Brian W. O'Shea - Teaching

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I believe that my role as a teacher is to assist my students in discovering new concepts and to guide them in making coherent connections between new information and prior knowledge. This belief is driven by research on how learning occurs in the human brain, and helps to guide how I structure my courses. As a faculty member in Lyman Briggs College, I was encouraged to be an innovative teacher and to embrace the scholarship of teaching and learning. As a result of this background, my classes do not often resemble traditional (and ineffective) lectures - rather, I embrace the principles of active learning, and the significant learning gains that can be achieved using these techniques. Please see my teaching philosphy for a high-level description of this, and my papers on (1) improvements to an intro physics course sequence targeted at life science majors and (2) the development of a course on computational modeling and data analysis.

In recent years, my focus has been on building and refining the courses taught in the new Department of Computational Mathematics, Science and Engineering. A key example of this is CMSE 201, "Computational Modeling and Data Analysis I". Along with Devin Silvia and Brian Danielak, we have designed this course from the ground up to be based on best practices from education research - the class uses a "flipped" model and is heavily problem- and activity-based in class. A paper describing the course and its design process is available in the peer-reviewed conference proceedings for the International Conference on Computational Science 2019 (direct link to paper). Further work in this area is largely being led by the Computational Education Research Laboratory, of which I am a member.

Present and upcoming courses:

None currently - administrative teaching release due to ICER Directorship.

Previous courses:

Spring 2023: PHY 905, "Computational Astrophysics and Astrostatistics"
Spring 2022: CMSE 402, "Principles of Data Visualization"
Spring 2020: PHY 905, "Computational Astrophysics and Astrostatistics"
Fall 2018: PHY 905, "Computational Astrophysics and Astrostatistics" and CMSE 890, "Algorithms for Next-Generation Architectures"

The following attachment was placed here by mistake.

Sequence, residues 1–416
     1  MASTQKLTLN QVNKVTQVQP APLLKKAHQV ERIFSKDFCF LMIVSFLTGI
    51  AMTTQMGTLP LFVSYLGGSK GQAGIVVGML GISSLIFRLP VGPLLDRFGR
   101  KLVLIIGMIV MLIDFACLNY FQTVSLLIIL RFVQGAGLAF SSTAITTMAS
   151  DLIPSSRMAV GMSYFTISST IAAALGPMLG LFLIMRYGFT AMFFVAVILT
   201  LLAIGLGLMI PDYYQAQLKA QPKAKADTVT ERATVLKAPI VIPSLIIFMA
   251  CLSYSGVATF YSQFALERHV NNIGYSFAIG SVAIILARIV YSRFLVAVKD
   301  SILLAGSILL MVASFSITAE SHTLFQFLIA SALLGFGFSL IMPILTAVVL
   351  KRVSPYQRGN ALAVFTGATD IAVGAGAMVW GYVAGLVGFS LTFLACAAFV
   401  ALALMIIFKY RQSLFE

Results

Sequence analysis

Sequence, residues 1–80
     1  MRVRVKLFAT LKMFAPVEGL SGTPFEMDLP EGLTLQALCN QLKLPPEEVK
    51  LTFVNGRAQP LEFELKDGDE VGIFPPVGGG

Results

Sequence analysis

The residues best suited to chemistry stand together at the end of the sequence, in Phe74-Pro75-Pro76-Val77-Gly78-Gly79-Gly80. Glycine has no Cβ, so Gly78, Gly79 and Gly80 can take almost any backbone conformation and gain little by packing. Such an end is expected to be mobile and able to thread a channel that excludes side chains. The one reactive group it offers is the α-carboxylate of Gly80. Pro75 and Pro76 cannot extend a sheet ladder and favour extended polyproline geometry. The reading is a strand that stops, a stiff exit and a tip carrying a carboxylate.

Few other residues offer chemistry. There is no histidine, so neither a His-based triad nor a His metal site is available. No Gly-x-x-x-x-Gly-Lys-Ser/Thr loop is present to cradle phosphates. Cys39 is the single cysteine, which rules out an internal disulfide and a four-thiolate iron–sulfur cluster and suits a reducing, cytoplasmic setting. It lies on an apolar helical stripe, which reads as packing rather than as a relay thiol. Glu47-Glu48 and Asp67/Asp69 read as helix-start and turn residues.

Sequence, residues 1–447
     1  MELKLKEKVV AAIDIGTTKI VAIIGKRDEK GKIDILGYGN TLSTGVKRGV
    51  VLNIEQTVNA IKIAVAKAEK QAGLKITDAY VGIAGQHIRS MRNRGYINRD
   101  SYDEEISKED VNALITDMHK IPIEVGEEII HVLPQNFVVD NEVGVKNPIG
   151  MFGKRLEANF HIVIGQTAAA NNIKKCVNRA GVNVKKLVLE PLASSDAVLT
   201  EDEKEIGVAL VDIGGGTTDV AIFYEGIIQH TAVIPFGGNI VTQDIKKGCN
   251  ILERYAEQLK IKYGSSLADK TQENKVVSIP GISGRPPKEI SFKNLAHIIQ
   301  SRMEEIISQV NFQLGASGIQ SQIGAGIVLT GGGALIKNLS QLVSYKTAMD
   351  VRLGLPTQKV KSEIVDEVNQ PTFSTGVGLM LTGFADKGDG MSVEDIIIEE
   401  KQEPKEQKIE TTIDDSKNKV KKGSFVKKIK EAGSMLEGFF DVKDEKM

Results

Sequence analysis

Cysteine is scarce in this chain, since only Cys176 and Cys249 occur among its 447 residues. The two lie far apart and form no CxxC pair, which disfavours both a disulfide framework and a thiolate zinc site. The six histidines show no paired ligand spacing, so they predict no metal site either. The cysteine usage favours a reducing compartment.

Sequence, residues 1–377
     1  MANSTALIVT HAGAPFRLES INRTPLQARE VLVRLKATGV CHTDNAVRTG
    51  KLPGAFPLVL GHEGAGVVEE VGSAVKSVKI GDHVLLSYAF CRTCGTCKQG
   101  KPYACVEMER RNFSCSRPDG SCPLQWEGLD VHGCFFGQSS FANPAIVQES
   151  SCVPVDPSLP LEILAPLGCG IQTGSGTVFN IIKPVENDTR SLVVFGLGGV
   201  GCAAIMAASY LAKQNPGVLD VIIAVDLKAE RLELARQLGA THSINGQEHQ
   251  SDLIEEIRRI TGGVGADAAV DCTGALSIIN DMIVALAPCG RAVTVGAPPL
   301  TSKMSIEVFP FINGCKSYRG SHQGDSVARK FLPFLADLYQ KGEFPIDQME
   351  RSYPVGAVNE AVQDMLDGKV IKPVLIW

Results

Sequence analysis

(the latter co-taught with Andrew Christlieb and Dirk Colbry)
Spring 2018: CMSE 402, "Principles of Scientific Visualization"
Spring 2017: PHY 905-003, "Computational Astrophysics and Astrostatistics"
Fall 2016 and Spring 2017: CMSE 201, "Introduction to Computational Modeling"
Spring 2016: NSC 204, "Introduction to Computational Modeling"
Spring 2014: LB 490A, Methods of Computational Science: Solving Problems With Computers
Fall 2013: LB 273 (Lyman Briggs Physics I - Mechanics)
Fall 2013: LB 290A, Social Engagement through Science and Ethics: Responding to Climate Change (BRAID seminar, with Maxine Davis and TBD HPS faculty)
Spring 2013: LB 492-007, The Nuclear Age
Fall 2012: LB 273 (Lyman Briggs Physics I - Mechanics)
Spring 2012: LB 290C, Biology/Physics/HPS BRAID seminar (w/Doug Luckie and Catherine Westfall)
Spring 2012: LB 274 (Lyman Briggs Physics II - E & M, Modern physics)
Fall 2011-Spring 2012: I was a Lilly Teaching Fellow during the 2011-12 academic year. Click this link for a copy of my fellowship poster.
Fall 2011: LB 273 (Lyman Briggs Physics I - Mechanics)
Spring 2011: LB 492, The Dawn of the Nuclear Age
Fall 2010: LB 273 (Lyman Briggs Physics I - Mechanics)
Spring 2010: LB 272 (Lyman Briggs Physics II - E & M, Modern physics)
Fall 2009: LB 271 (Lyman Briggs Physics I - Mechanics)
Spring 2009: LB 272 (Lyman Briggs Physics II - E & M, Modern physics)
Fall 2008: LB 271L (Physics Laboratory I - Mechanics)
Every semester: AST 410 (Senior thesis)

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